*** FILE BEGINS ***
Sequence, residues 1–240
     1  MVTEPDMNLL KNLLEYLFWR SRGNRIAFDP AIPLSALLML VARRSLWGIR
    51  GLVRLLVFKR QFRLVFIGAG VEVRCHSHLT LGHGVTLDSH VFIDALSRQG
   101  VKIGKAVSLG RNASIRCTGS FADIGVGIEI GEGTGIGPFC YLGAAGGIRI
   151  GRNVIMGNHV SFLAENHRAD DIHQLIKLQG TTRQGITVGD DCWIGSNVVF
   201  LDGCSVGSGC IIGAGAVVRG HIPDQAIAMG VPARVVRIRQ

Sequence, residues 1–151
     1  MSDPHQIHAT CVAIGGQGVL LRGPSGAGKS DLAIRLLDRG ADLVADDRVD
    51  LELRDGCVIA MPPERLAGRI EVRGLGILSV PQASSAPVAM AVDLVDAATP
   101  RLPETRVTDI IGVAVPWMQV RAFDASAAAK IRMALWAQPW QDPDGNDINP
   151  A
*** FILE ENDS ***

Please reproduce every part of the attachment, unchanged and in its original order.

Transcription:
Sequence, residues 1–240
     1  MVTEPDMNLL KNLLEYLFWR SRGNRIAFDP AIPLSALLML VARRSLWGIR
    51  GLVRLLVFKR QFRLVFIGAG VEVRCHSHLT LGHGVTLDSH VFIDALSRQG
   101  VKIGKAVSLG RNASIRCTGS FADIGVGIEI GEGTGIGPFC YLGAAGGIRI
   151  GRNVIMGNHV SFLAENHRAD DIHQLIKLQG TTRQGITVGD DCWIGSNVVF
   201  LDGCSVGSGC IIGAGAVVRG HIPDQAIAMG VPARVVRIRQ

Sequence, residues 1–151
     1  MSDPHQIHAT CVAIGGQGVL LRGPSGAGKS DLAIRLLDRG ADLVADDRVD
    51  LELRDGCVIA MPPERLAGRI EVRGLGILSV PQASSAPVAM AVDLVDAATP
   101  RLPETRVTDI IGVAVPWMQV RAFDASAAAK IRMALWAQPW QDPDGNDINP
   151  A